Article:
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While Sepsis-3 guidelines have fueled controversy in the high-profile clinical sepsis environment (see commentaries under original article), our attention turns to a somewhat overlooked aspect: should Sepsis-3 drive meaningful change in preclinical investigations? Based on the translational premise alone, we view its influence as inevitable since animal models must be tailored to patients, not vice versa. The nature of in vivo experimentation gives us some enviable advantages over clinical science, i.e., it is known that the animals are septic and timeline/origin of infection is defined. Thus, the conundrum of the correct sepsis definitions frustrating our clinical colleagues does not cause us concern.

Yet, Sepsis-3 brings a considerable shift regarding the experimental focus: we move away from inflammatory states (think SIRS/CARS) to organ failure (single, multiple) as the decisive factor. This shift, appropriate or not, exposes shortcomings of current animal sepsis modeling. We believe that the following issues are the most critical: a) lack of an established scoring system for sepsis severity in general and/or for organ dysfunction/failure in particular (resembling clinical SOFA and other scores), b) high variability of organ dysfunction phenotypes (among animal species/strains), c) difficulty in reproducing/maintaining severe, intensive care unit grade of organ dysfunction for prolonged periods (due to resistance of animals to injury/infection and technical difficulties), d) type I errors resulting from over-interpretation of organ-related readouts, e) a frequently misplaced comparator approach focusing on the healthy versus septic comparison (rather than surviving septic vs. lethal septic).

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The lack of a widely accepted in vivo organ injury scoring system resembling the ones used in clinics represents a very serious deficiency. Its implementation would enable better normalization and comparability of the wide array of animal multiple organ dysfunction syndrome (MODS) studies across laboratories. This need has been marginalized; only a handful of attempts to devise such a score(s) have recently emerged, primarily to eliminate death as an unethical endpoint. Huet et al. (2) were first to propose “the mouse clinical assessment score for sepsis” (M-CASS), based on eight selected physiological/behavioral points and verified in Klebsiella pneumosepsis. Notably, M-CASS correlated well with the magnitude of organ damage/dysfunction (by AST, ALT, urea, and creatinine) and inflammation. Soon after, two similar murine scores were tested in fecal-induced peritonitis (3) and cecal ligation and puncture (CLP) (4) models demonstrating a high predictive capacity for outcome. In the latter, biotelemetry-based measurements (i.e., heart rate, body temperature, mobility) approximate qSOFA criteria (blood pressure, respiratory rate, mentation) opening a possibility for such a preclinical score to serve an analogous role as clinical SOFAs.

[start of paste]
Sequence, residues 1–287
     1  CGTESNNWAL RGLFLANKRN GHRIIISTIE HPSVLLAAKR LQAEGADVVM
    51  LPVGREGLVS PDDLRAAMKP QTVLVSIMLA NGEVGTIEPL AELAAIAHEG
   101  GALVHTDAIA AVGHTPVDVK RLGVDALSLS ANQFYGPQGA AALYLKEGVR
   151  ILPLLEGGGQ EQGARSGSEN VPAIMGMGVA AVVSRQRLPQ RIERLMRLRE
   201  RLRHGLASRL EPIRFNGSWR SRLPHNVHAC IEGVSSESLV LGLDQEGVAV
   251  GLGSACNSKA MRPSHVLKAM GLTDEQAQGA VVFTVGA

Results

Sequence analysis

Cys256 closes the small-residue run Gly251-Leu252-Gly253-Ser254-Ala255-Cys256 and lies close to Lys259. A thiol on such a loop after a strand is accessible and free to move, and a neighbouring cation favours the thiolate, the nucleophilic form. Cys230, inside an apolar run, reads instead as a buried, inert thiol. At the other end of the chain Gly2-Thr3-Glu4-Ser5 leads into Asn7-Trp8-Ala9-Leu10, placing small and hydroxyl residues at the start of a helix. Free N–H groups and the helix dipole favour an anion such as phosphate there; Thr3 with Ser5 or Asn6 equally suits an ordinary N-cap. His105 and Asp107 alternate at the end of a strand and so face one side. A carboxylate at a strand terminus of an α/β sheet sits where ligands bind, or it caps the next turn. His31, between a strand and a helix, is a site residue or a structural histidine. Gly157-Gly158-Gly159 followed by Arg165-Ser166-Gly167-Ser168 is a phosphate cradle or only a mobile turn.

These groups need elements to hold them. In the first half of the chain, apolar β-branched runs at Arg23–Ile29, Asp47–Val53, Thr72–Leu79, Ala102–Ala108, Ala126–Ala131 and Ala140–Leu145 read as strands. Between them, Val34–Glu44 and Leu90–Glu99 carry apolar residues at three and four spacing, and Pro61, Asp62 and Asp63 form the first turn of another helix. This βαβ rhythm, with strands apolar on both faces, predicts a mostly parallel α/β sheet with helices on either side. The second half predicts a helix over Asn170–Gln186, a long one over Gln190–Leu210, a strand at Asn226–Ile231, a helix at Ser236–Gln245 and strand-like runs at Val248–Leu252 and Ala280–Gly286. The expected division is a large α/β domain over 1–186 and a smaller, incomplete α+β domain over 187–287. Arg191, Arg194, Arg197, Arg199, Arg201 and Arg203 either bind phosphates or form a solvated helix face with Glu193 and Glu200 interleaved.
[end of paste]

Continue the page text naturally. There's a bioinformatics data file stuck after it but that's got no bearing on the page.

Better standardization using score(s) based on organ dysfunction would also help categorize existing models based on severity and phenotype. Some species are preferable (due to clinical resemblance) to study certain types of system/organ deregulation (e.g., cardio-vascular dysfunction in pigs with septic shock). Other models have been criticized given their high resistance to infection and technical limitations (e.g., mice). In rodents, monitoring of MODS/MOF is difficult but not impossible. Multiple repeated organ-related readouts can be obtained noninvasively by echocardiography (5, 6), telemetry (4), or novel micro-computed tomography/magnetic resonance techniques (7). Repeated low-volume sampling of blood (5, 8) and urine (9) is also possible.

Apart from the incorrigible species/strains variability, the hesitation of relying on organ dysfunction/failure may be due to the uncertainty whether MODS endpoints in animal models adequately reflect the true clinical MODS phenotype(s). This hesitation is additionally aggravated by excessive MODS-related conclusions featured in many preclinical publications. In animal sepsis studies, deterioration of organ function defined by incomplete, snap-shot readouts may be over-interpreted regarding its true impact upon the end sepsis phenotype and outcome (10). These concerns can be partially alleviated by performing confirmatory functional organ tests coupled with a robust study design, e.g., surviving versus dying comparison. Several rodent studies incorporating the above elements demonstrated that reproducible sepsis models will produce MODS-related findings. For example, the dynamics of functional liver impairment were similar in patients and septic rats (5), while in two independent mouse studies, CLP led to a similar deterioration of renal function in mice predicted-to-die (10, 11). These (and other) relevant sepsis modeling elements appear as a good starting point to create a model for MODS standardization, and could be used in the future to study the impact of pre-existing comorbid conditions.